In any change process, it’s important to expect the unexpected. Equally important is a look at the process from a strategic-operational perspective. Only leaders who know what’s happening in their organisation and how it interfaces with its surroundings are able to make the right moves.
Planning the future of one’s organisation requires knowledge of the current state. The design of control processes is an important element of transformation. However, leaders frequently lack opportunities to rise to the required ‘flight level’ or to reach for a pair of ‘meta spectacles’. Sometimes there’s a lack of in-house expertise or necessary manpower as well. Valid answers to questions such as ‘what works?’, ‘which processes are useful?’ and ‘what new processes must be initiated?’ are key control factors for successful change project outcomes. Consistent execution in complex transformations is only possible when the various stages are effectively connected to each other and the path makes logical sense to all the stakeholders.
Systematic control of change processes requires a lot of staying power. There are ten fundamental focus topics that outline the path to be pursued: leaders that aim to set organisations and people in motion first need to find allies and identify the areas in which to take action. Once these have been identified, the structures are reviewed and adjusted as necessary. This approach allows all stakeholders to contribute their part to shaping the future. Leaders play a particularly significant part in this context: they have to live the change as role models. First and foremost, this means practising open communication and active HR management, linked to the organisation’s actual reality.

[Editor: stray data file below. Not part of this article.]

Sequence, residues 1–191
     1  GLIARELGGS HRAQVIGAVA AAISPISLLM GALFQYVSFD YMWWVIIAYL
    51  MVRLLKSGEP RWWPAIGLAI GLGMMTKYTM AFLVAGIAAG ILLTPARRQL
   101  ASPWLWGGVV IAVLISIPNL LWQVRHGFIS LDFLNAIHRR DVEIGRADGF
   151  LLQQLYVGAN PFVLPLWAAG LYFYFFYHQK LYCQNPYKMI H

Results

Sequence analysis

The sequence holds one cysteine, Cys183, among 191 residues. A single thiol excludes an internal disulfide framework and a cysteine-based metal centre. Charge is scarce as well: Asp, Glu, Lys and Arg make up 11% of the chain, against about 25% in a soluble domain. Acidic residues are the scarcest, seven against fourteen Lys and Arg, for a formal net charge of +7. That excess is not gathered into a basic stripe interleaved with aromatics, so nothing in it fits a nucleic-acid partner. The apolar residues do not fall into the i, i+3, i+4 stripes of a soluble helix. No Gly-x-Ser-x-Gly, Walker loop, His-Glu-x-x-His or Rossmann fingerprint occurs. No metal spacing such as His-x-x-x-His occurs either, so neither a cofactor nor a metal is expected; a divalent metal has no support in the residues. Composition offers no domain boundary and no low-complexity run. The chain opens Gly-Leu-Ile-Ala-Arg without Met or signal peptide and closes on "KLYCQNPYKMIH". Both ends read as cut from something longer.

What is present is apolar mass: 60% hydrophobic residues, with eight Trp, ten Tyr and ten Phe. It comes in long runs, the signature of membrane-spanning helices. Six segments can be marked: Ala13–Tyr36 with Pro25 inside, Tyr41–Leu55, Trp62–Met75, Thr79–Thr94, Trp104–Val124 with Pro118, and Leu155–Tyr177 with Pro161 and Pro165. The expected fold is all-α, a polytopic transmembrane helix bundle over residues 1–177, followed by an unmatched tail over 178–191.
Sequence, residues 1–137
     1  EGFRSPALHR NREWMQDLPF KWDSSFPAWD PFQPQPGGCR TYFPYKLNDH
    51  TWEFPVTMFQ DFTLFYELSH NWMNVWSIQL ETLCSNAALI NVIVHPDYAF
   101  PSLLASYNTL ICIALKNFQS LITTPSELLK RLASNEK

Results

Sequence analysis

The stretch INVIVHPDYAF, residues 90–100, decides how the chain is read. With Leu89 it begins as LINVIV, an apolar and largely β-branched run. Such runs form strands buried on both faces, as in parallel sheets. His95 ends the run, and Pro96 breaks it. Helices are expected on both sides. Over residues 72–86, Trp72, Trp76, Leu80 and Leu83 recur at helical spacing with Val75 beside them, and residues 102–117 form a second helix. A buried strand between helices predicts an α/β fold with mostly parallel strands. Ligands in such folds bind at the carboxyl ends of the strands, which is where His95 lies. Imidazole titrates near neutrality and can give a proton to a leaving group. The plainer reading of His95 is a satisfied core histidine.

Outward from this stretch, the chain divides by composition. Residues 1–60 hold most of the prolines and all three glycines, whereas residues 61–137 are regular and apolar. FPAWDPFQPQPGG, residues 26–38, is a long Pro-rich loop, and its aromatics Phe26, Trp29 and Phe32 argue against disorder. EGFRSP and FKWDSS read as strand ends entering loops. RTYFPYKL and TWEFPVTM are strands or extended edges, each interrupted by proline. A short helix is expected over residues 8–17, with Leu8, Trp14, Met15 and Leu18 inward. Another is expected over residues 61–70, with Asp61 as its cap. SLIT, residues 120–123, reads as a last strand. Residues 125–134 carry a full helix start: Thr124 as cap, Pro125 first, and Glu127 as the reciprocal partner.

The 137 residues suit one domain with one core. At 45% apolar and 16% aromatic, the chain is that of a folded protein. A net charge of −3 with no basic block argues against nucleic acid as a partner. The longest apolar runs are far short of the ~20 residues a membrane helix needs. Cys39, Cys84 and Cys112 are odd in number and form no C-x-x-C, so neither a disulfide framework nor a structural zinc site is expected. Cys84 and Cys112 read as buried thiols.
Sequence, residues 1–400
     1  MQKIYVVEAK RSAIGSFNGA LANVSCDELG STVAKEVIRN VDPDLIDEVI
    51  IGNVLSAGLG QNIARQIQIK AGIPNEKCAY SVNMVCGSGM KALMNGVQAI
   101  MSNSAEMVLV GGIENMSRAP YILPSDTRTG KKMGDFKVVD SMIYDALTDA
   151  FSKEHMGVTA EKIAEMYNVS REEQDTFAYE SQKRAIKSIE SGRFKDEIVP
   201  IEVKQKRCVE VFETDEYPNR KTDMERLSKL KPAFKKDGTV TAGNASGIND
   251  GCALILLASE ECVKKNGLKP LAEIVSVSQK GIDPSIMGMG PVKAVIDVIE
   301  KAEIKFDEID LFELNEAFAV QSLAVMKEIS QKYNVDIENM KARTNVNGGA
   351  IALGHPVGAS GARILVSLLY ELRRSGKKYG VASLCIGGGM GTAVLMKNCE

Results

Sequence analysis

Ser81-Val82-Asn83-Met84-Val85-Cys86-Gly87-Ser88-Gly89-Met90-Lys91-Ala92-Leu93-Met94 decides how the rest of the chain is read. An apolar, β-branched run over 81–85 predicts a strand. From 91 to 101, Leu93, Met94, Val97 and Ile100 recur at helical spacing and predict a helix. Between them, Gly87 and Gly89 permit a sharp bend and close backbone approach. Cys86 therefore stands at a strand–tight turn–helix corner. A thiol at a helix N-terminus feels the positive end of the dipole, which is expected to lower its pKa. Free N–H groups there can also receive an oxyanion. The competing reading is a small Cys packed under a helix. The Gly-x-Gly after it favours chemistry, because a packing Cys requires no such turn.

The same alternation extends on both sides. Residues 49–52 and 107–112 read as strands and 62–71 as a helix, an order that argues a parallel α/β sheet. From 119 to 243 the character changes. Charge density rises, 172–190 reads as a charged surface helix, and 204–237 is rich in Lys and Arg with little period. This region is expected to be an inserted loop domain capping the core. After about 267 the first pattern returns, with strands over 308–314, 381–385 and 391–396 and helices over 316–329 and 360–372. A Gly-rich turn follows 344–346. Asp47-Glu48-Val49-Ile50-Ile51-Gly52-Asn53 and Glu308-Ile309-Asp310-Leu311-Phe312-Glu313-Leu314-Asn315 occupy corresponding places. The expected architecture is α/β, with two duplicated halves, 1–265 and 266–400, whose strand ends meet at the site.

Action fields in Change Management
Change processes are as diverse as the organisational landscape. But in spite of the diversity in which change manifests itself and the corresponding ‘relevant levers’ to promote change, we feel that it’s advisable to stay focused on these fields and to plan interventions accordingly.
The current state of both strategic and operational control processes is analysed on several levels – through participatory observations, experiences with organisational bodies, analysis of communication and information platforms, attendance of meetings, formats, reporting structures or cascaded decision-making processes.
As a services provider we support the creation of a conclusive current state assessment and the development and operation of control systems, so laying a solid foundation for the planned transformation.